Commercial lines rate movements were “varied” across the month of May, according to the latest IVANS Index, with mixed results across the major lines of business.
IVANS, which is a division of Applied Systems, observed an uptick in premium renewal rates for BOP, General Liability, and Commercial Property.
In contrast, Commercial Auto, Umbrella and Workers’ Compensation experience a downtick in rate movement month-over-month.
BOP rates increased from 4.12% at the end of April to 4.26% at the end of May, while General Liability improved from 2.18% to 2.46%.
Similarly, Commercial Property rates increased from 3.69% in April to 3.82% in May.
Meanwhile, Commercial Auto decreased from 4.33% last month to 4.28%, while Umbrella slid from 2.59% to 2.52%.
Workers’ Compensation rate also decreased in May and remained negative overall, moving from -3.77% to -3.86%.
“The latest IVANS Index results show varied changes among all commercial lines, with General Liability experiencing the greatest increase month over month since April,” said Brian Wood, Vice President of Data Products Group, IVANS Insurance Services.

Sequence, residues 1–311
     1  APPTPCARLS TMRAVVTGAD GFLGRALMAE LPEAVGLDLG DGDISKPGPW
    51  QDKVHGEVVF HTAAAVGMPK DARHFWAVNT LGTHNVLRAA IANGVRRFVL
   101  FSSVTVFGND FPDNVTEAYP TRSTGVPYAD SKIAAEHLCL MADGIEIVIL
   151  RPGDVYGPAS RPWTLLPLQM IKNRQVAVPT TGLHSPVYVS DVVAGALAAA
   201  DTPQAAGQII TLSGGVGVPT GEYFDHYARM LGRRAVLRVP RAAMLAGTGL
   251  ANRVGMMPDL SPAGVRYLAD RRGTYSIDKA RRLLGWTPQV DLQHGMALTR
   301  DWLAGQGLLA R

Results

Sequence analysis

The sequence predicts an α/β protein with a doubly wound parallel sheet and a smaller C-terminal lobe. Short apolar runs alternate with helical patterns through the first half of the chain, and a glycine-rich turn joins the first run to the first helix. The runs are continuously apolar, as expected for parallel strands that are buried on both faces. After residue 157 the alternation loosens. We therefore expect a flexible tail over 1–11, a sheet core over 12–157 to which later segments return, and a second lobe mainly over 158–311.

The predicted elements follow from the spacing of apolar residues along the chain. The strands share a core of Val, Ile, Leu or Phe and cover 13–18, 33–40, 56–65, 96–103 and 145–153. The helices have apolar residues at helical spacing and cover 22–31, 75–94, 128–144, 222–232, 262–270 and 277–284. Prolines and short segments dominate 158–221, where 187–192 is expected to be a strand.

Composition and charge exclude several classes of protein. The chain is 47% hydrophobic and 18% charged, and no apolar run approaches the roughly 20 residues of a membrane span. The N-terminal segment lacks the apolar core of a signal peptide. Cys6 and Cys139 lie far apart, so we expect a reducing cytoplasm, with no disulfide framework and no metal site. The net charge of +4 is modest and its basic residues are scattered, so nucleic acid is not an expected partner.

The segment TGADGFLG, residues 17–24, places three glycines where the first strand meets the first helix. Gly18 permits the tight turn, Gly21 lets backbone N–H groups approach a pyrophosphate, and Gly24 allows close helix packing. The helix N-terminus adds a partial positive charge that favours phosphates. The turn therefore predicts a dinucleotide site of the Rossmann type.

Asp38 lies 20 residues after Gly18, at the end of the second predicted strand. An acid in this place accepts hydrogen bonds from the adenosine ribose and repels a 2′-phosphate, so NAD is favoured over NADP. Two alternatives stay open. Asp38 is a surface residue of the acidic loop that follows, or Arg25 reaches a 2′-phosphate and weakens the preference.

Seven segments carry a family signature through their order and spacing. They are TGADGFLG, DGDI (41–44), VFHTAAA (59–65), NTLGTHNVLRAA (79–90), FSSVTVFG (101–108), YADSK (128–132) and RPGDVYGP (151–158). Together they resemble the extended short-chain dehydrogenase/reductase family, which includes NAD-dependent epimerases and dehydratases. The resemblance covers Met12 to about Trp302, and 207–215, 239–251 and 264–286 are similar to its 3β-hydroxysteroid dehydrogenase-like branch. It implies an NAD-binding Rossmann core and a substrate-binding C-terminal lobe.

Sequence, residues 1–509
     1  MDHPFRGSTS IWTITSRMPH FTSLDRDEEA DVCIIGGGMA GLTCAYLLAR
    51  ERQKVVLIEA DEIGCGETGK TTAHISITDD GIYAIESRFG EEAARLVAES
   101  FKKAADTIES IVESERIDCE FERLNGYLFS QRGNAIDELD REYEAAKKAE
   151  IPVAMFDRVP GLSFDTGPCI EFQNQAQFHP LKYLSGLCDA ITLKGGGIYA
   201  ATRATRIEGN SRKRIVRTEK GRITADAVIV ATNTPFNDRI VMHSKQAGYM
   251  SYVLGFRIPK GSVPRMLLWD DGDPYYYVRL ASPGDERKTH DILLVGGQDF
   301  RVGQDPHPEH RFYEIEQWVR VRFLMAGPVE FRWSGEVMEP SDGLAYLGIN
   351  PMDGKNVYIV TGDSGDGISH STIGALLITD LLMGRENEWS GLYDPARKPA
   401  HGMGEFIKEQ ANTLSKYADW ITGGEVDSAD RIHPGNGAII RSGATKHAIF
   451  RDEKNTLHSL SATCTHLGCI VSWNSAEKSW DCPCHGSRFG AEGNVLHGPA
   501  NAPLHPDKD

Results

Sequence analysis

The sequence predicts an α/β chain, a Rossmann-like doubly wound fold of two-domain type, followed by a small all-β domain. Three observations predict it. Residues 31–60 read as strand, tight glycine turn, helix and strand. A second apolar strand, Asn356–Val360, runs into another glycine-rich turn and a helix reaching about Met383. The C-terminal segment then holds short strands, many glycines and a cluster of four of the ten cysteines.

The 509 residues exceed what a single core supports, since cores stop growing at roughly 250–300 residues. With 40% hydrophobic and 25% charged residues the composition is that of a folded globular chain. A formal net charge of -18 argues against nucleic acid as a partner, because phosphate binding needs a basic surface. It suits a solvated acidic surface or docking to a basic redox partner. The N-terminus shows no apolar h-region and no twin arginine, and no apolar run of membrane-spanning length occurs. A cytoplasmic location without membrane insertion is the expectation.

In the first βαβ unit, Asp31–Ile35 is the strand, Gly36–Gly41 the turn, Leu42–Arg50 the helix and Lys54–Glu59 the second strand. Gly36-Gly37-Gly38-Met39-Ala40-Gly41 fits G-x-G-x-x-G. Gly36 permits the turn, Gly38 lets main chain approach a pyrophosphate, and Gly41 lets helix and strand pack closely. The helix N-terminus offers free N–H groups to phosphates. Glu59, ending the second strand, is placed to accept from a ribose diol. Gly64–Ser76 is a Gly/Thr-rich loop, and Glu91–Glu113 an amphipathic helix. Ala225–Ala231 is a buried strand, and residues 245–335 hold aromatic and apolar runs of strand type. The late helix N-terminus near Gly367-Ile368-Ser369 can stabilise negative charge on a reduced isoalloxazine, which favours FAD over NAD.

“IVANS Index continues to enable agents to advise clients on expected policy renewal premium changes while providing the market intelligence insurers need to support pricing decisions.”
Analysts at KBW noted that premium renewal increases were still up year-on-year for all lines except Workers’ Compensation, and expects most other lines to see an acceleration in rate increases through 2019.
“We think P&C pricing primarily depends on whether expected returns are adequate for incremental capital providers, rather than absolute capital levels,” they stated.
“For commercial casualty lines (for which there’s very little third-party capital, at least so far), we think they’re mostly not, especially with reportedly accelerating loss trends, which points to accelerating rate increases overall. The key exception is Workers’ Compensation, for which sustained strong underwriting profitability is translating into steadily-decreasing rates.”